The way in which Lynch filmed the unsettling dream-world of the Red Room in The Black Lodge is also relevant in this respect. The nightmarish effect that Lynch achieves was produced by having the actors say their lines and do all of their movements backwards — which Lynch then reversed back to normal in post. In Through the Looking Glass, after Alice passes through the mirror and into the dream world, she discovers a book with a nonsensical poem inside that is seemingly written in gibberish, until she realizes that books are just written backwards on the opposite side of the mirror. She holds it up to a “looking glass” (mirror), and the words all go the right way again. Sound familiar? That’s the same start-in-reverse-then-reverse-again-to-look-normal technique mentioned above that Lynch used to create the Red Room scenes in The Black Lodge!

“YKCOWREBBAJ
sevot yhtils eht dna ,gillirb sawT’
ebaw eht ni elbmig dna eryg diD
,sevogorob eht erew ysmim llA
.ebargtuo shtar emom eht dnA

She puzzled over this for some time, but at last a bright thought struck her. ‘Why, it’s a Looking-glass book, of course! And if I hold it up to a glass, the words will all go the right way again.’ This was the poem that Alice read.

JABBERWOCKY
‘Twas brillig, and the slithy toves
Did gyre and gimble in the wabe;
All mimsy were the borogoves,
And the mome raths outgrabe.”
—Through the Looking Glass

That gum you like is going to come back in style.

A kingdom full of cards

Cards play a major role in Alice’s Adventures in Wonderland. Personified cards march around obeying orders from The Queen of Hearts — a known terror that commands the slightest offense is deserving of her catchphrase, “Off with their heads!” In Twin Peaks, who also throws icy tantrums and bosses people around to do her bidding? Catherine Packard Martell. As referenced in the GIF I made below, she fires someone mercilessly in the pilot, just because she is in a bad mood. She even has the red hair to match the red hearts color!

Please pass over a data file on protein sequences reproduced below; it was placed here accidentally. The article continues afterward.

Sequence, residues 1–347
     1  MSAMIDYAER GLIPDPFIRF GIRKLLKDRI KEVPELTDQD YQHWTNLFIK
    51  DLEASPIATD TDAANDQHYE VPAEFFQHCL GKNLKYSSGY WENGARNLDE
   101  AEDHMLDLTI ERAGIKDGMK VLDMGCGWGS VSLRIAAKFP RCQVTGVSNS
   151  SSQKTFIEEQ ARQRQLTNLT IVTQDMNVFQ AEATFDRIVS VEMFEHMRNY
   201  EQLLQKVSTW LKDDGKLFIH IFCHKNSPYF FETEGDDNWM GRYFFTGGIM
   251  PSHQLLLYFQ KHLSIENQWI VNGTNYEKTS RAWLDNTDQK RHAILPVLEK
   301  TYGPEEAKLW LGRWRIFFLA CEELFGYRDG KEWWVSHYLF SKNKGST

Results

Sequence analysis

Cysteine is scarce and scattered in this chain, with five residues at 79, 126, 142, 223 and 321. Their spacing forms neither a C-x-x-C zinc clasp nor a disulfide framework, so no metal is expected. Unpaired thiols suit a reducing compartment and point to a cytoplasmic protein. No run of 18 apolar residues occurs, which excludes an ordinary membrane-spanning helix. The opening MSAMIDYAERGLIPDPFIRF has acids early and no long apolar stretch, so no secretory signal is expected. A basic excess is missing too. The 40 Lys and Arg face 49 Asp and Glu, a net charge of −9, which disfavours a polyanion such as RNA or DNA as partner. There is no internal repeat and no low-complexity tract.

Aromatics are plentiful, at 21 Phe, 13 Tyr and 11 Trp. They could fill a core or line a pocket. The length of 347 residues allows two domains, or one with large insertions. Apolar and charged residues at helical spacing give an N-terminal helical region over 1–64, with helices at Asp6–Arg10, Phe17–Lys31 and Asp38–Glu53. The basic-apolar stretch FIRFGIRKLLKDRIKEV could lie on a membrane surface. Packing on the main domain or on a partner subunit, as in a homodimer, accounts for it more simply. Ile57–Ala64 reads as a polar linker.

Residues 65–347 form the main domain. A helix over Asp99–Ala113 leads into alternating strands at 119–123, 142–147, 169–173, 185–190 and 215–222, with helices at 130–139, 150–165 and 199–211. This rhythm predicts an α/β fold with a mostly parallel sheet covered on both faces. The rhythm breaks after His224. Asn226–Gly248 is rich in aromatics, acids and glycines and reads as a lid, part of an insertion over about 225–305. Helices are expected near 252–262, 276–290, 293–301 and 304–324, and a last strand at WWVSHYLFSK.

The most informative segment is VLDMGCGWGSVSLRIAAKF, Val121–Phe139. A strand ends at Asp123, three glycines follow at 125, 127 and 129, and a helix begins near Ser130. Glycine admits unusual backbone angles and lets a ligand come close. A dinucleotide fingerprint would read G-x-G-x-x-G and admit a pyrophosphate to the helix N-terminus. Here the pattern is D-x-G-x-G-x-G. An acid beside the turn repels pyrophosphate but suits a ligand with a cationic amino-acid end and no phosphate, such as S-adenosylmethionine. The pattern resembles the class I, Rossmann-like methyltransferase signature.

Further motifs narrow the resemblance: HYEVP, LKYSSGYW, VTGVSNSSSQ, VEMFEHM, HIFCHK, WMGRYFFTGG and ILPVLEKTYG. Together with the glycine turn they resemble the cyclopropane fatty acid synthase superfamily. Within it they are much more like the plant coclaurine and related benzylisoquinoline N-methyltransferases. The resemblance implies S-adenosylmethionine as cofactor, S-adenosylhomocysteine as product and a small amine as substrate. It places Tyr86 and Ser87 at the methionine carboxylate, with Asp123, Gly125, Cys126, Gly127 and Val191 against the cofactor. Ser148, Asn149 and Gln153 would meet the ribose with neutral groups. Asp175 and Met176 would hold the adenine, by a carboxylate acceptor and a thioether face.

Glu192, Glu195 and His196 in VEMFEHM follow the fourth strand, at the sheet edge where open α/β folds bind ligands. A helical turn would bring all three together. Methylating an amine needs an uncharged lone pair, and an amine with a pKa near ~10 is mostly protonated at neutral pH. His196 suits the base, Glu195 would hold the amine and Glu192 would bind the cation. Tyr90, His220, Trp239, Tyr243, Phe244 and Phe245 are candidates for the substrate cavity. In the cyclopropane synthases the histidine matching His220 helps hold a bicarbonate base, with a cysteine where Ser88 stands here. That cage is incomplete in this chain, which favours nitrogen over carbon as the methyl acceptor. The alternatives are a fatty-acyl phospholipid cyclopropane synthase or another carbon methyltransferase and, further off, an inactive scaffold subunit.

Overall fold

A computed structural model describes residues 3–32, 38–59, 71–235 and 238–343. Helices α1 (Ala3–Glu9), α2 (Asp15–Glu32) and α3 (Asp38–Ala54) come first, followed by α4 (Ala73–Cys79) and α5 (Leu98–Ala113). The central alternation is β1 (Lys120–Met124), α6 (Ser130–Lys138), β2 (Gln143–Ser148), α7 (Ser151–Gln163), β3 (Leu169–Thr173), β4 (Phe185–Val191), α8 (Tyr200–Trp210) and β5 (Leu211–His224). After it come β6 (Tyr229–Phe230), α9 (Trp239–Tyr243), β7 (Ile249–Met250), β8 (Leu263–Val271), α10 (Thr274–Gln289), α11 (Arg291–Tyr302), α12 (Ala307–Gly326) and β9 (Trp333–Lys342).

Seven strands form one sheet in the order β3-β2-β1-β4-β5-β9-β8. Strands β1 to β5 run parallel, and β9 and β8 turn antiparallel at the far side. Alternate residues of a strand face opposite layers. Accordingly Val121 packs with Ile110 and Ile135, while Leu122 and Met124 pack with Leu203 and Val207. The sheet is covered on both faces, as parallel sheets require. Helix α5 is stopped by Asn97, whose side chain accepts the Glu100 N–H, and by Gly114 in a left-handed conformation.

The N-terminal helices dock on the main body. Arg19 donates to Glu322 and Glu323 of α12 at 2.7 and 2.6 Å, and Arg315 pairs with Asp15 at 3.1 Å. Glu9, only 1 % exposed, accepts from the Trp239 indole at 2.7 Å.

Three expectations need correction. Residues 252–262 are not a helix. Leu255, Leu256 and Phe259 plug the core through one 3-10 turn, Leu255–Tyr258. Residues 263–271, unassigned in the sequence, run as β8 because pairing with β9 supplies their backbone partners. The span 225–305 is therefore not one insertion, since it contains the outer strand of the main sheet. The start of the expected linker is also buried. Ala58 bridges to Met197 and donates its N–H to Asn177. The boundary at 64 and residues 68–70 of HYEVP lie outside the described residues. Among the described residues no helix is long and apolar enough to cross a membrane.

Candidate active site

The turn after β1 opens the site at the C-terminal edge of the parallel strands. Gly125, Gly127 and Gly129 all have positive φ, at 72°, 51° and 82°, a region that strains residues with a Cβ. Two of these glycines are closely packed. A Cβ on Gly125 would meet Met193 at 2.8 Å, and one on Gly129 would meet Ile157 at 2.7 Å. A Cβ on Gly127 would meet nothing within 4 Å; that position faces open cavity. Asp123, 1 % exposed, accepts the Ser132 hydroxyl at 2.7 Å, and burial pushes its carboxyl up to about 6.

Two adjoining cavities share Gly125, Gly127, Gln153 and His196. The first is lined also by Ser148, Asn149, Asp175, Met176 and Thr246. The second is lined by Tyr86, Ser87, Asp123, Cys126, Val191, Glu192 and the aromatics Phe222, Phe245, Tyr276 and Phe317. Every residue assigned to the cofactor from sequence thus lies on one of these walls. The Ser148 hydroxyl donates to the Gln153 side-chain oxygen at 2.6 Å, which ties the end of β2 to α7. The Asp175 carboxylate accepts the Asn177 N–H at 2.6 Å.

Catherine Martell fires Fred Truax

Expanding more on the theme of cards, One-Eyed Jack’s (referencing the royal card that only shows one eye) in Twin Peaks is the casino/whorehouse in which the females are adorned in playing cards as part of their costume. They wear them in their hair and on their dresses. Audrey at one point is even dressed up with the Queen of Diamonds sewed to the front of her costume, as if she too is personifying a playing card straight out of Alice’s dreams.

Greeter at One-Eyed Jack's

The 52 Pick-up Girls at One-Eyed Jack's

Audrey Horne in One-Eyed Jacks: Queen of Diamonds

White Rabbit as herald (Sir John Tenniel)

BOB vs. the Cheshire Cat

I’ll leave you with this final character connection… What grins widely, stares, creeps around and appears at random? Both the Cheshire Cat and BOB!

killer-bob-cheshire-cat

Have fun sleeping tonight with that image!

Read my posts on Twin Peaks & Wonderland in order:

Bonus: “Don’t Go There” by Traumatron

Traumatron (Colin Newman)’s alternative poster for Twin Peaks: Fire Walk with Me seems to channel the Sir John Tenniel‘s original illustration of Alice discovering a tiny door behind a curtain. The image is available as a poster (and other items).

Don't Go There / Twin Peaks: Fire Walk with Me by Traumatron

Pieter Dom

Written by Pieter Dom

Founder and curator of Welcome to Twin Peaks since 2011. Bobsessed since March 1991.

Comments

Share your thoughts
  1. My husband just pointed out that he agrees with all parts except one… Diane has to be real because anytime Cooper asks Diane to do something, it gets done….

    Earplugs, anyone?

  2. I thought that the deleted scenes of FWWM made clear that Diane actually exists! In one of the scenes in Philadelphia we can see Cooper talking to her, even though we never actually see or hear her.

  3. Not to be forgotten: The tag on one of Dr. Jacoby’s little umbrellas reads “August 9th 1974. I first lay eyes on Mimsy” recalling the line from Jabberwocky “all mimsy were the borogroves”.

    I had a wonderful cat named Mimsy from 1997-2014 named after Jacoby’s dear one.

  4. There’s another pretty obvious playing card connection – Windom Earle uses the four queens as representations of the four young women who feature in his plans. And while we’re on the subject of Earle, his chess game with Cooper could be said to mirror the chess game in Alice.

  5. Interesting connection she makes her, but I am really annoyed by the way she writes. Why does every young American write nowadays think (s)he has to speak in this Californian teenage vocabulary… Where are the times when writers putted effort in using professional language, “y’all”?